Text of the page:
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Cruise specialists hail lifting of international ban

Agents have roundly welcomed the government’s decision to lift the ban on international cruises from August 2, calling the move “a massive step forward” for the industry.

Sources told Travel Weekly earlier this week that meetings were taking place and an announcement was imminent, with transport secretary Grant Shapps and subsequently the Department for Transport and maritime minister Robert Courts confirming the news on Wednesday.

A statement from the DfT confirmed that international cruise travel advice would be “amended to encourage travellers to understand the risks associated with cruise travel and take personal responsibility for their own safety abroad” and said the government had approved international sailings following “the close monitoring of epidemiological evidence, gained through the restart of the domestic cruise industry”.

Royal Caribbean Group chairman and chief executive Richard Fain, on board new Silversea ship Silver Moon, said: “I got word that it was coming earlier this afternoon [Wednesday] and I was ecstatic. I think the British government has taken a methodical approach, they’re moving in the right direction and the idea that they would make that kind of announcement is very encouraging to everybody in the travel sector.”


More: International cruise ban to be lifted

Heightened interest in environmental impact of cruising revealed in poll


World Travel & Tourism Council senior vice president Virginia Messina said: “The cruise industry will breathe a sigh of relief that the crucial relaunch of international cruise departures from England has been given the green light, giving hope to a sector which has struggled to stay afloat.”

The news was hailed by agents who pointed to the positive effect of this summer’s domestic round-Britain cruises and said it would now allow them to book more international sailings.

Alison Earnshaw, managing director of Cruise118 parent World Travel Holdings, said the UK cruise sector had been waiting for the ban to be lifted “for some time”.

She said: “The cruise lines have done a lot of work and the onboard experience is probably far superior to a lot of land holidays. Domestic cruises this summer have really played their part.

“It’s really good news. We have been waiting for this for some time. There was a lot of speculation and we’d heard that it would come at the end of July. This is a massive step forward for cruise.”

Earnshaw added that the decision had brought the cruise sector in line with the rest of the travel industry and suggested customers opt for sailings which did not call at multiple countries due to the traffic light system.

“Royal Caribbean, NCL, Silversea, Celebrity Cruises and Seabourn all have itineraries in Greece,” she said.

Paul Hardwick, head of commercial at Fred Olsen Travel, said the announcement had given his sales staff “a huge opportunity” to “really ramp up” marketing and secure bookings.

He confirmed that the agency’s digital magazine filled with cruise deals would be sent out to more than 100,000 customers, franchisees and staff in the coming days.

“This opens everything up massively for us,” he said. “Cruise is the one thing that has been selling well. We now have more cruises to sell at a higher value.”

He identified sailings in the Canaries and the Caribbean as key areas of interest for customers. He also indicated that sales staff could try and rebook frequent cruise passengers on sailings this year.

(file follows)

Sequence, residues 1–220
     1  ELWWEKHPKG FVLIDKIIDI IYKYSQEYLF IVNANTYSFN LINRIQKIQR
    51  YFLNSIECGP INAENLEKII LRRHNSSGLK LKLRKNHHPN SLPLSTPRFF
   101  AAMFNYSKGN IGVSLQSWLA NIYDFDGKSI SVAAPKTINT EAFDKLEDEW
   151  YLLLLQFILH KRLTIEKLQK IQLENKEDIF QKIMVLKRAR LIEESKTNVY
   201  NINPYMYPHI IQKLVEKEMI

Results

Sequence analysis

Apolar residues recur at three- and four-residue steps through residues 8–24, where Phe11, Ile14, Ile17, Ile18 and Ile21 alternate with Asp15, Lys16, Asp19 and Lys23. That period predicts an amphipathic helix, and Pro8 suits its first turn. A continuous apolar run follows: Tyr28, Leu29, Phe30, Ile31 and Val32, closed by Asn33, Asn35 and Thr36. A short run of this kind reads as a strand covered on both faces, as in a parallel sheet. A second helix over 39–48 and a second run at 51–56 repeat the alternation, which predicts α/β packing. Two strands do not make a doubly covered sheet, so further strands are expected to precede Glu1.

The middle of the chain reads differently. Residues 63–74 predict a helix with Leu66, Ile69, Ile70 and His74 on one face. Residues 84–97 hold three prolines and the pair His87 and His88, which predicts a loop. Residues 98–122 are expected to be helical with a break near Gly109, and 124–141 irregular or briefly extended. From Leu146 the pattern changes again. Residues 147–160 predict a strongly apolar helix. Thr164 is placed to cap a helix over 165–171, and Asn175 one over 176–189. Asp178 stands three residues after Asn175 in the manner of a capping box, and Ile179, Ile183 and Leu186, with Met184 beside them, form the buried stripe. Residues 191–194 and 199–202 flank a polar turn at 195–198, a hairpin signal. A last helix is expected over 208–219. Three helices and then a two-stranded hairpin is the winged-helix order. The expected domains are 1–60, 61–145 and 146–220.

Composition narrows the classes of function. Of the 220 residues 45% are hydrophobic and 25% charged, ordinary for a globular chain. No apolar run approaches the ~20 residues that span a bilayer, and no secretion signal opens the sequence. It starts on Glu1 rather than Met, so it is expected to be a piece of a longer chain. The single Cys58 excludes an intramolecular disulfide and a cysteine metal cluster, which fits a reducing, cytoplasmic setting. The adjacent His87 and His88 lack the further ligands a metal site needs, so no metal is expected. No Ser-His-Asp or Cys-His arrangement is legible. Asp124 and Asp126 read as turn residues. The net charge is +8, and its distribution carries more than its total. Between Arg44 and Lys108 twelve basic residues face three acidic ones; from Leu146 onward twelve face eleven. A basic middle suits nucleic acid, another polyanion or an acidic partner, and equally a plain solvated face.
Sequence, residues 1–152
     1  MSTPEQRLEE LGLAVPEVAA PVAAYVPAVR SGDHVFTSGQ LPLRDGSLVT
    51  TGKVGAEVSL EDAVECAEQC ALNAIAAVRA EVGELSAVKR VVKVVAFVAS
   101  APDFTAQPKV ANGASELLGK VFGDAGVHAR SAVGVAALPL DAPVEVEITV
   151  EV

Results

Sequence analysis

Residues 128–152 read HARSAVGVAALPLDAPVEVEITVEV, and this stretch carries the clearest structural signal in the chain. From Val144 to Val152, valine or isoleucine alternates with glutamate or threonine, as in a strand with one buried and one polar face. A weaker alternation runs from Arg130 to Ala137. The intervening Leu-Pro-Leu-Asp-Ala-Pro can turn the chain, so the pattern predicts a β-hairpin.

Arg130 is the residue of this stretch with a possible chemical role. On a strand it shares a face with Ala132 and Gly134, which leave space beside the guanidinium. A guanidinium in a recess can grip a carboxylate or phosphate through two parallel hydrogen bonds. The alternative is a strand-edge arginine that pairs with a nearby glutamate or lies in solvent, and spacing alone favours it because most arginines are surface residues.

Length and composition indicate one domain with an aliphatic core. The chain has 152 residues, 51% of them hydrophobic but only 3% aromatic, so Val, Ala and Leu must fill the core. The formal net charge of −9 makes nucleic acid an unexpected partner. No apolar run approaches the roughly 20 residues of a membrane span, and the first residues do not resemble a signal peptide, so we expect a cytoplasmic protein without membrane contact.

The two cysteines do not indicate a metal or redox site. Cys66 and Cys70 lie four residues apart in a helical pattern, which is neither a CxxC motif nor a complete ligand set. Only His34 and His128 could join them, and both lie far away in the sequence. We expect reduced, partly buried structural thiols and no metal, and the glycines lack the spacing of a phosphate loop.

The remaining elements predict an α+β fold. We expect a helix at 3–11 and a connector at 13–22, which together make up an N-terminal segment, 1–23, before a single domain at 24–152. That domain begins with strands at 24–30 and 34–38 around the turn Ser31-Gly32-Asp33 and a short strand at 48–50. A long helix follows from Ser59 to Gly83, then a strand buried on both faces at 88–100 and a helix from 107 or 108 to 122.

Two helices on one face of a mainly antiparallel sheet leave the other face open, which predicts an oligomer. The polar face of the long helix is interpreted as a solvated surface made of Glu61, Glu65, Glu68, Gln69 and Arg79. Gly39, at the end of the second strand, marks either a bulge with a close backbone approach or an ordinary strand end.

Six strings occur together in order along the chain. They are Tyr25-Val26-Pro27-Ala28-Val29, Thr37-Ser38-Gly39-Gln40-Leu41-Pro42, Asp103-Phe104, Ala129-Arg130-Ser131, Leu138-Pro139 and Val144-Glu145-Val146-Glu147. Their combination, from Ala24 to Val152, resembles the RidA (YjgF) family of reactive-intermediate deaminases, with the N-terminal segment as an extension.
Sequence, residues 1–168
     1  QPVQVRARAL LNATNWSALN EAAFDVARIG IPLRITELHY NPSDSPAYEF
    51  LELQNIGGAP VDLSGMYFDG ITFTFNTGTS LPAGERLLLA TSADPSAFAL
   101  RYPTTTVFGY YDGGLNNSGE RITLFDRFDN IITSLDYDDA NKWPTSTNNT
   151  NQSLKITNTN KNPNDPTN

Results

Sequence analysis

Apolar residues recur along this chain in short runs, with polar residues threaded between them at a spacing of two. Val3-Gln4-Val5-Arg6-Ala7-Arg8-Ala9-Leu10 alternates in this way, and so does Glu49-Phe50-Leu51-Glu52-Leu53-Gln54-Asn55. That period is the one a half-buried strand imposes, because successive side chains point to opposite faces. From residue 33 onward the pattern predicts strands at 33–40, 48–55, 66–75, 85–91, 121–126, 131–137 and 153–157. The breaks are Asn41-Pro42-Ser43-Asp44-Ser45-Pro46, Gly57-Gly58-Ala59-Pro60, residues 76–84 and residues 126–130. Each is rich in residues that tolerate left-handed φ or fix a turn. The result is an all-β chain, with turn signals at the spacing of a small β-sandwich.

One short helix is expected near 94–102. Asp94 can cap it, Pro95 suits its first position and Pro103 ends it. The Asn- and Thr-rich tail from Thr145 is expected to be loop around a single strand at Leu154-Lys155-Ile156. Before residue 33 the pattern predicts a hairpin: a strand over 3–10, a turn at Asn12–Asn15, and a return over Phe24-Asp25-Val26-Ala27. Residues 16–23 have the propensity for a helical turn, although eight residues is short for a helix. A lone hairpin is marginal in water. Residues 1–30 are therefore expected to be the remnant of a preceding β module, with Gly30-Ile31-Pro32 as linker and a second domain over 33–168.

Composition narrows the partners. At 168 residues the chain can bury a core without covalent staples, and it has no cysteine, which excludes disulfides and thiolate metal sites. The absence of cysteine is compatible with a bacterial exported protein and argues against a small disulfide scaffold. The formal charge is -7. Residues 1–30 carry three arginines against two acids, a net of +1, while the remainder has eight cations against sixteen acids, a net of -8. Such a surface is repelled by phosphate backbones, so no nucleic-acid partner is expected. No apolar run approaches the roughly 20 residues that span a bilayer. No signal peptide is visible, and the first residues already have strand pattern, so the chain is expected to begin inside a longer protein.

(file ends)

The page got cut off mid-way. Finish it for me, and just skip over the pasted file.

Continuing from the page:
“We’ve had quite a few [customers] move bookings to next year,” he said. “But now we’ve got the opportunity to go back to them and say ‘have you thought about this year?'”

Simone Clark, Iglu’s senior vice president of global supply, said: “We’ve got people booked for travel in the Med. It’s one step forward to getting cruise back to normality. It gives customers that extra confidence to book.”

James Cole, Panache Cruises founder and managing director, called the government’s decision a “significant step forward”.

“Sales have definitely picked up over the course of the last few weeks and this announcement will no doubt give customers greater confidence to start cruising again,” he added.

Michele Dance, founder of Ocean World Travel in Eastleigh, said: “We can almost see a future for the cruise industry now. We can focus on some sort of normality.

“This last week we’d noticed that bookings for 2022 and for later this year were going up. People were quite sceptical about ‘seacation’ sailings this summer but they’ve been going away and saying that they’re really good. You get the commission straight away and you know that they’re not going to be cancelled.”

Jacqueline Dobson, Barrhead Travel president, also welcomed the news, saying: “The programme of domestic cruising in the UK this summer has been incredibly successful with the cruise lines, ports and associations working tirelessly to ensure they could provide a safe and welcoming onboard experience.

“Pre-pandemic, cruising was seeing significant growth in popularity; this was reflected in our bookings with over one third of our customers choosing to cruise.

“We have only seen demand for future cruising continue to grow with customers booking as far out as 2024.

“Many holidaymakers have enjoyed first taste of a cruise this summer by embarking on a domestic cruise. We anticipate this will enhance future demand as it has provided new-to-cruise customers with a flavour of what they can expect on typical cruise holiday.”

More: International cruise ban to be lifted

Heightened interest in environmental impact of cruising revealed in poll

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